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Ben Nadel at cf.Objective() 2014 (Bloomington, MN) with: Kai Koenig
Ben Nadel at cf.Objective() 2014 (Bloomington, MN) with: Kai Koenig ( @agentK )

jQuery metaData() Plugin Leverages data() Method (jQuery Plugin Example)

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When I first learned about the jQuery data() method, it totally blew my mind. The ability to store data associated with an element in a way that doesn't hack the XHTML was just brilliant! But, I feel that there is something just slightly lacking from the data() method - the ability to gather all the stored values as a collection. The way data() works now, you can either set the value of or get the value of a given key; if you have multiple values associated with a given element, you have to make multiple calls to the data() method to retreive them.

I figured it would be nice to have the option to pass the data() method no arguments and get back the entire set of associated data (in name-value pairs).

  • 0 Arguments :: Get entire data set of first element.
  • 1 Arguments :: Get given data point of first element.
  • 2 Arguments :: Set given data point for entire collection.

To create this functionality, I built the metaData() plugin which wraps around jQuery's core data() method and adds the zero-argument option. This plugin was covered in my Intensive Exploration of jQuery presentation, but I thought it would be nice to cover it here as well as an example of how to build a jQuery plugin:

<script type="text/javascript">

	// The meta data method will wrap around the data function,
	// but use a single point of entry for our data so that we
	// can get the key collection of no parameters are passed.
	jQuery.fn.metaData = function(){
		var strCollectionKey = "__metadata__";
		var objData = null;
		var strKey = "";
		var strValue = "";

		// Check to see how many arguments were passed-in. The
		// number of arguments passed-in will determine the
		// type of action to take:
		// 0 :: Get entire data collection (first element).
		// 1 :: Get data point (first element).
		// 2 :: Set data point (entire collection).
		if (arguments.length == 0){

			// Return the data collection for the first element
			// in the jQuery collection.

			// Get the meta data collection. If this value has
			// not been set yet, it will return NULL.
			objData = strCollectionKey );

			// Check to see if we have a data object yet.
			if (!objData){

				// The data store has been set yet. We want to
				// set a value (even through we are going to
				// return it) so that we know that we will
				// always be referring to the same struct (by
				// reference) in later calls. strCollectionKey, {} );


			// ASSERT: At this point, we know that a strcuture
			// exists in our meta data key (even if it is empty).

			// Return an meta data collection.
			return( strCollectionKey ) );

		} else if (arguments.length == 1){

			// Return the value for the first element in the
			// jQuery collection. To get the data collection, we
			// will call the metaData() method recursively to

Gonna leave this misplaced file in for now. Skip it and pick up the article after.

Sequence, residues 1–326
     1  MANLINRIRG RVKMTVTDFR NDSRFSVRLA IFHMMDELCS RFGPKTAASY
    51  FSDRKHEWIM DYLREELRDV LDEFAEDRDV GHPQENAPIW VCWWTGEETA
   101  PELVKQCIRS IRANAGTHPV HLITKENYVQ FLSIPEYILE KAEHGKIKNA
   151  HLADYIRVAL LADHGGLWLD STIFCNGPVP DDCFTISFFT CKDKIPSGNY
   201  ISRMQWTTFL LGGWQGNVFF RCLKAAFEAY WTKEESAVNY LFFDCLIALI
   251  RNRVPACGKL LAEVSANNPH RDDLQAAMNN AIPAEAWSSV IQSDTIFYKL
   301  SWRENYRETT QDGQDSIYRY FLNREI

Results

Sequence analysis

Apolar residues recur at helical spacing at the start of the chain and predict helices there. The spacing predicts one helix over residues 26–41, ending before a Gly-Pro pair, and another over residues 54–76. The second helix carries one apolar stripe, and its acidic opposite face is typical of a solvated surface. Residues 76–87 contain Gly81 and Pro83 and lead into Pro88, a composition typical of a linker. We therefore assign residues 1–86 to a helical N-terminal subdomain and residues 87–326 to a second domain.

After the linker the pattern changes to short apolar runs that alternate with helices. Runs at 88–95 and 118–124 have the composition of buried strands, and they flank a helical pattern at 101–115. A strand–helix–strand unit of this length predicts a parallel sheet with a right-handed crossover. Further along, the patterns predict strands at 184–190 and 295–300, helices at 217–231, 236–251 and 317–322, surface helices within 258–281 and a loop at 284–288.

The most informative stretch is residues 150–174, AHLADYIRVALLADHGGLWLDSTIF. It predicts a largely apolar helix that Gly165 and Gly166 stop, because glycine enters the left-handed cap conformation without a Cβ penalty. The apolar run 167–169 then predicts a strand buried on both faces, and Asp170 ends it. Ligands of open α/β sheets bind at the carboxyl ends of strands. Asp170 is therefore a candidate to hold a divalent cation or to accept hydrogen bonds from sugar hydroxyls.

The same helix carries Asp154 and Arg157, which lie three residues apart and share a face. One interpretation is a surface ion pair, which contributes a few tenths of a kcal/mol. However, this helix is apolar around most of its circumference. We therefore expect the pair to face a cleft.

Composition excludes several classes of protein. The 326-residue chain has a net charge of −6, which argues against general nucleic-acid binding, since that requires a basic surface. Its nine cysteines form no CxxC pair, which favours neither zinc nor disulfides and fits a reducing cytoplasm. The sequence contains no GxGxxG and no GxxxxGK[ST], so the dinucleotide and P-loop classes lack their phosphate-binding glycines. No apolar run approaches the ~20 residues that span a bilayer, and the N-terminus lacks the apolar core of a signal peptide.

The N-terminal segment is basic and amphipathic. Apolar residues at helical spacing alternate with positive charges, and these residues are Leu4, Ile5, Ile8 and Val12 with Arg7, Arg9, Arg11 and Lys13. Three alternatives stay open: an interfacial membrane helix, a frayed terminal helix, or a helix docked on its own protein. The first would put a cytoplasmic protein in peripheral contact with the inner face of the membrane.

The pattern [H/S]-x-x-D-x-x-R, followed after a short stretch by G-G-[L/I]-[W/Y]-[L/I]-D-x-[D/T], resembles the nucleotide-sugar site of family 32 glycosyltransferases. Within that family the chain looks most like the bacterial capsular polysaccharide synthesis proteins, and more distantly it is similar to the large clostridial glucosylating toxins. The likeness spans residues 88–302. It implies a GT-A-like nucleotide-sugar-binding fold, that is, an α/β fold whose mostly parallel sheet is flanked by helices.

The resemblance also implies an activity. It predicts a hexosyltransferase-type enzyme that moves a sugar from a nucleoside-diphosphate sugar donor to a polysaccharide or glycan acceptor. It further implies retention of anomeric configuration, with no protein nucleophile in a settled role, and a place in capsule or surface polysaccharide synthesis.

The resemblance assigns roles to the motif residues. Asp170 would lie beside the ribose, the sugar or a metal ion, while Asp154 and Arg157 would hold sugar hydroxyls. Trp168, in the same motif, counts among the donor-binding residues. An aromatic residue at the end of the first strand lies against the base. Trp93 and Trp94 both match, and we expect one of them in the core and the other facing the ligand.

// get our store before we return the data point.
				this.metaData()[ arguments[ 0 ] ]

		} else if (arguments.length == 2){

			// Set the given name value. We will be doing this
			// for each element in our jQuery collection.

			// Create a local reference to the arguments (so that
			// we can later refer to them in the each() method.
			strKey = arguments[ 0 ];
			strValue = arguments[ 1 ];

			// Iterate over each element in the collection and
			// update the data.
				function( intI, objElement ){
					// Get a jquery reference to the element in
					// our collection iteration.
					var jElement = jQuery( objElement );

					// Get the meta data collection. To get this,
					// we will call the metaData() method recursively
					// to get the store.
					var objData = jElement.metaData();

					// Set the value. Because the data store is
					// passed by reference (why I made a point to
					// set it before returning it above), we don't
					// need to re-store it.
					objData[ strKey ] = strValue;

			// Return the current jQuery object for method
			// chaining capabilities.
			return( this );




What I really like about this plugin is that it not only leverages an existing part of the jQuery core library (the data() method), but that it calls itself recursively to handle the various argument options.

Now that we have our plugin defined, let's run a little test to see how it works:

<script type="text/javascript">

	// Get the document element.
	var jDoc = $( document );

	// Store random values in the document using the
	// metaData() method. Notice that each of these is
	// a separate call.
		.metaData( "created", new Date() )
		.metaData( "location", window.location.href )
		.metaData( "userAgent", navigator.userAgent )

	// Now that we have stored these values independently,
	// get the collection and iterate over it.
		function( strKey, strValue ){

				strKey + " : " +
				strValue + "<br />"


As you can see in the demo, we are making three independent calls to the metaData() method to set data points. However, when we output the data, we make a call to metaData() with no arguments so as to get the entire collection. Running the above code, we get the following output: